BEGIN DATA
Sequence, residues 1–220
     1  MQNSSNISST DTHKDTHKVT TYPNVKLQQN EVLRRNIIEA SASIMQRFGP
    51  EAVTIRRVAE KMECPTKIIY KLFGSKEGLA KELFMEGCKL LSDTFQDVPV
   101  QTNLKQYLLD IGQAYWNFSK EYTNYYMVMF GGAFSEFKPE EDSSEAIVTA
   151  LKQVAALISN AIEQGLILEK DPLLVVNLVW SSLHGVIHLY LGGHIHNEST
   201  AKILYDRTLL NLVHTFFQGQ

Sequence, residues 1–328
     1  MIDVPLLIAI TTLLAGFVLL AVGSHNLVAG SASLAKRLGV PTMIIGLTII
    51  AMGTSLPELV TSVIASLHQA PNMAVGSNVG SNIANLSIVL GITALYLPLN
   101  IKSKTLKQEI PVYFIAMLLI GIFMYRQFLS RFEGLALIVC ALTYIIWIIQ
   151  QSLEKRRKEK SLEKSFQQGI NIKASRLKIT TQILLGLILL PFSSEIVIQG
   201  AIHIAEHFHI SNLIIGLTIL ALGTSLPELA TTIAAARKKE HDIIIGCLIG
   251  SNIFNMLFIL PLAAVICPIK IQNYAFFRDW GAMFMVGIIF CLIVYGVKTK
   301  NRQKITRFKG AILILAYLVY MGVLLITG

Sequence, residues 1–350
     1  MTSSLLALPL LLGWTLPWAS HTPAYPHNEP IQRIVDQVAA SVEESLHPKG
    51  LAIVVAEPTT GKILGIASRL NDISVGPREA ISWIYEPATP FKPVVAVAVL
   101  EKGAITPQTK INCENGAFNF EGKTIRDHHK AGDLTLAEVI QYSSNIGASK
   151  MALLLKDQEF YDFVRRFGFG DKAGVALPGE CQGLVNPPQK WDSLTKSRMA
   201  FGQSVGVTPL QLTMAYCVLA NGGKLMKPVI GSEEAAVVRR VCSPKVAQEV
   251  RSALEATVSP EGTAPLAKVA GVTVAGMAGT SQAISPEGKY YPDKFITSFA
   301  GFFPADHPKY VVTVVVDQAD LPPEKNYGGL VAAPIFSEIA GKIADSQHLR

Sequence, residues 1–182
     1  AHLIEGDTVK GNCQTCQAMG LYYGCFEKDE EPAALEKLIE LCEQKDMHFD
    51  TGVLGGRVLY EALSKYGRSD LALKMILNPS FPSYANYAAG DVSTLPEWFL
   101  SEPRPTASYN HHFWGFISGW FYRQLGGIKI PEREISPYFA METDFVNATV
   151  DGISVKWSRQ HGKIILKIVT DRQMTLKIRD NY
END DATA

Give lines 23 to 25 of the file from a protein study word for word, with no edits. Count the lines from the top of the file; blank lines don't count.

Sequence, residues 1–182
     1  AHLIEGDTVK GNCQTCQAMG LYYGCFEKDE EPAALEKLIE LCEQKDMHFD
    51  TGVLGGRVLY EALSKYGRSD LALKMILNPS FPSYANYAAG DVSTLPEWFL